John Byrne once again displays his love of Star Trek with his latest “lost episode,” which deals with a society of people that hides their faces. But when the Enterprise comes across one of its missionaries in deep space, the crew becomes part of a larger cultural issue.
Religion and politics rarely make for good conversation, yet it has always been fodder for Star Trek. John Byrne returns with his latest Star Trek New Visions tale – “The Hidden Face,” about a society that masks their visages from each other to stop the sin of vanity. It would seem the Prime Directive would be clear in such matters, and yet with Kirk, it is never so cut and dry.
Even with words such as “heretics” and “infidels” screamed at the Enterprise crew, it takes them a bit to realize that their “naked” faces offend the planet’s missionary they have rescued. Upon arriving on the planet, Kirk decides that the landing party should mask themselves, so as to not affront cultural norms. Star Trek has often portrayed different cultures as a way to broaden humanity’s understanding of one another. Its tolerance of those ideas have taught viewers to embrace differences. Yet, Kirk ultimately chooses to bring the idea of human freedoms to the people of this world.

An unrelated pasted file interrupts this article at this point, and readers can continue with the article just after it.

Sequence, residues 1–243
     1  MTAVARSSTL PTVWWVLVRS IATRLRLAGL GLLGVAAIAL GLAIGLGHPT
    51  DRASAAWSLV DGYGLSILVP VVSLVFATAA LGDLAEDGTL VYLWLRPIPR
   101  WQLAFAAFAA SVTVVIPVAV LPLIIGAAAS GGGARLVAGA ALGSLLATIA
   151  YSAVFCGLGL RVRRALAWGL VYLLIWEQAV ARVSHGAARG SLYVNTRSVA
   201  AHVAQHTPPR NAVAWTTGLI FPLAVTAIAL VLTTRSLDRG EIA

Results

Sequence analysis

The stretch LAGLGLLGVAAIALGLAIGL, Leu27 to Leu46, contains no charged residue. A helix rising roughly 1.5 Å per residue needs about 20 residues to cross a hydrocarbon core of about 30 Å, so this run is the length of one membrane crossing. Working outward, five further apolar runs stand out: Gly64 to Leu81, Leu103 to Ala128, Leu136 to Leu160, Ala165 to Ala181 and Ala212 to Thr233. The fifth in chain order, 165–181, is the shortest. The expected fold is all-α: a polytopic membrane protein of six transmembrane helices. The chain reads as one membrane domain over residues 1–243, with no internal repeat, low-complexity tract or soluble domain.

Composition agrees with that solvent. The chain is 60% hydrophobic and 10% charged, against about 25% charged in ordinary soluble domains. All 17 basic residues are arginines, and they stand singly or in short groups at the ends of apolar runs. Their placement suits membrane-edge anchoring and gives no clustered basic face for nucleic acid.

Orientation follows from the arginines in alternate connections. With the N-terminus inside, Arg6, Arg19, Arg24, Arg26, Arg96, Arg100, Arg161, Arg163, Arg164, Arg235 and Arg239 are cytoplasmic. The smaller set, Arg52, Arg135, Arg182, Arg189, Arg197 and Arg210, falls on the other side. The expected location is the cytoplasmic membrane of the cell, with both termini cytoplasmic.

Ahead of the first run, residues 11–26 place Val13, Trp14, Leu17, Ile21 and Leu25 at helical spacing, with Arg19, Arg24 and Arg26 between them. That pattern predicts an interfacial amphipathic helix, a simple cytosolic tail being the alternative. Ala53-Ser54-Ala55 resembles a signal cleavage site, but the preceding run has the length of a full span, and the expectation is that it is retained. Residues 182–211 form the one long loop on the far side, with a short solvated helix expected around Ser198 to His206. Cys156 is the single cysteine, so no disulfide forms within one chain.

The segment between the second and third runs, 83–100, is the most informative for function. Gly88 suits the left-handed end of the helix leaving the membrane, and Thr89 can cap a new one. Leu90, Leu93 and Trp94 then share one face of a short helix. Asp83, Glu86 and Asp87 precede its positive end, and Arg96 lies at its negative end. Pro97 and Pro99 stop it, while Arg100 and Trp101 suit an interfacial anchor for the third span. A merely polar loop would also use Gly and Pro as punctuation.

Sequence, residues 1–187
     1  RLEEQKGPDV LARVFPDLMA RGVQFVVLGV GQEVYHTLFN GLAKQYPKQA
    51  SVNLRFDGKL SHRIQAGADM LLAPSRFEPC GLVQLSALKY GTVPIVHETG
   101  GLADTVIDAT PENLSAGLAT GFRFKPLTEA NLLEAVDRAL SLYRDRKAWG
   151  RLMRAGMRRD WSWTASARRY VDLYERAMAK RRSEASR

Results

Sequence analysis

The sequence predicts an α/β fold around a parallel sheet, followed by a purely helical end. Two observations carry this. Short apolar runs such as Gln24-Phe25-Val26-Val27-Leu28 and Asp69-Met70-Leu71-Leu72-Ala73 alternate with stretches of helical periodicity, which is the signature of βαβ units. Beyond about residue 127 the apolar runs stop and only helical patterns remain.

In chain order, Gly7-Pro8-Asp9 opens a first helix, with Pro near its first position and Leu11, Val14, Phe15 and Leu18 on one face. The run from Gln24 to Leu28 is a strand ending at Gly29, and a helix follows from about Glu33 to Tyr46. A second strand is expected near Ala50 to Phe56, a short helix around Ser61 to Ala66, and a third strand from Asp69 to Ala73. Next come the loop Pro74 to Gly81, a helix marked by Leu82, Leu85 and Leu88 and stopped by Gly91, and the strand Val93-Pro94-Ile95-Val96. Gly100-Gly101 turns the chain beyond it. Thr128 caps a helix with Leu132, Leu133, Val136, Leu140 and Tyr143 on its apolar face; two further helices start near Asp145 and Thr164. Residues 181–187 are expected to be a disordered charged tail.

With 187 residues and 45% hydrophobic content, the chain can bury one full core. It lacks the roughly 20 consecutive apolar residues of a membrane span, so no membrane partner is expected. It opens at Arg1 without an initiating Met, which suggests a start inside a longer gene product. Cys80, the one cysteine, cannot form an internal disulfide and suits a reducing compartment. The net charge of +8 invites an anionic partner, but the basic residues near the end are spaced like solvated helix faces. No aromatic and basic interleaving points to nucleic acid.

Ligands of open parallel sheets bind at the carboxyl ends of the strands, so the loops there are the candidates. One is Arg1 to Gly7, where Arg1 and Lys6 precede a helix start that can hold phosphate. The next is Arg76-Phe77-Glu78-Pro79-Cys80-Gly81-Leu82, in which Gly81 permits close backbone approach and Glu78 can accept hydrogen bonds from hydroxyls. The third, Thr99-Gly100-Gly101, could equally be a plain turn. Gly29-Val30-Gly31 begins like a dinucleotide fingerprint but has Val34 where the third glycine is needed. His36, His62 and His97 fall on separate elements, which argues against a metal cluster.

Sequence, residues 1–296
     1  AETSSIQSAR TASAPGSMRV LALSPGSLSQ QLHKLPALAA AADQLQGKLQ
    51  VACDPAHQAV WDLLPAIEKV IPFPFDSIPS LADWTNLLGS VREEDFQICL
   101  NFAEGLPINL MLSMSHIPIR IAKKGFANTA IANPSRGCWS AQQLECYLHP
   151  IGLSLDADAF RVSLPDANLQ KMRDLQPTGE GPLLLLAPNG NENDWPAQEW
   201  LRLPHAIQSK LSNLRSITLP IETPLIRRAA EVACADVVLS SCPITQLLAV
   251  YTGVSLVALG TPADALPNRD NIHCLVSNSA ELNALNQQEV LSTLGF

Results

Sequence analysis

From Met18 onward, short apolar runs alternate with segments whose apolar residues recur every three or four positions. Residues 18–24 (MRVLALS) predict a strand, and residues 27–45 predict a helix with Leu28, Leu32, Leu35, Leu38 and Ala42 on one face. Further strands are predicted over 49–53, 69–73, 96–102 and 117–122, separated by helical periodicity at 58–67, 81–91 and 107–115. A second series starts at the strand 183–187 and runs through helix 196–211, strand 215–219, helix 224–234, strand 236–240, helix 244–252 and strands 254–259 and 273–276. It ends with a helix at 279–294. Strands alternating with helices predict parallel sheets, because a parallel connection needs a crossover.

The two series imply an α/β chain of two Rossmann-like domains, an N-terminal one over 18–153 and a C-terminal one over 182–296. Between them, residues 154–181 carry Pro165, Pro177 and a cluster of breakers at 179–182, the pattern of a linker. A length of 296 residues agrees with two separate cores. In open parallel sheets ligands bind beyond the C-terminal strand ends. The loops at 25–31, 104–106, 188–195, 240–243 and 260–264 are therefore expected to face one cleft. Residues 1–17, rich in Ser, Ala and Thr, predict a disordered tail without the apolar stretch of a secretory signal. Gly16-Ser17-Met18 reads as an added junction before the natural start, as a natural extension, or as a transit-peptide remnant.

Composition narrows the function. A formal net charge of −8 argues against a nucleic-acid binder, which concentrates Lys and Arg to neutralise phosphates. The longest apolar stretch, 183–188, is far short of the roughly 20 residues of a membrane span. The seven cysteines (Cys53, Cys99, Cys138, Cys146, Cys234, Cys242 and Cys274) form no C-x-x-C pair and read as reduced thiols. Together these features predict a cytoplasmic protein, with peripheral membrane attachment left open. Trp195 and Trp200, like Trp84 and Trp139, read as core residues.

Art is consumed through the lens of the reader’s experiences and world in which they live. With religious fanaticism threatening society on a daily basis, it is difficult to not see modern parallels to words of this comic’s missionary, Turan-Tot-Narut, a zealot of his planet’s teachings who calls the members of the Enterprise crew apostates.
Kirk’s decision to beam down to the planet could be seen as problematic. It does bring to mind one of his finest monologues from The Original Series when he explains that “risk is our business” in “Return to Tomorrow.” As he did in that episode, McCoy is the one to discuss caution in “The Hidden Faces,” this time in regards to whether or not contact with this race is warranted. It’s hard to not recall Kirk’s speech when he decides to make contact with the race nonetheless – although it does feel right.
Improving his photomontage stories with each outing, Byrne’s continues to refine his manipulation of stills from TOS. The lifelong Star Trek fan also has the character voices down pat, which makes reading his New Visions tales feel like lost episodes; “The Hidden Faces” adding another terrific edition to the show’s legacy. New Visions is truly a must read for TOS fans who crave new content – as Byrne’s story does not disappoint.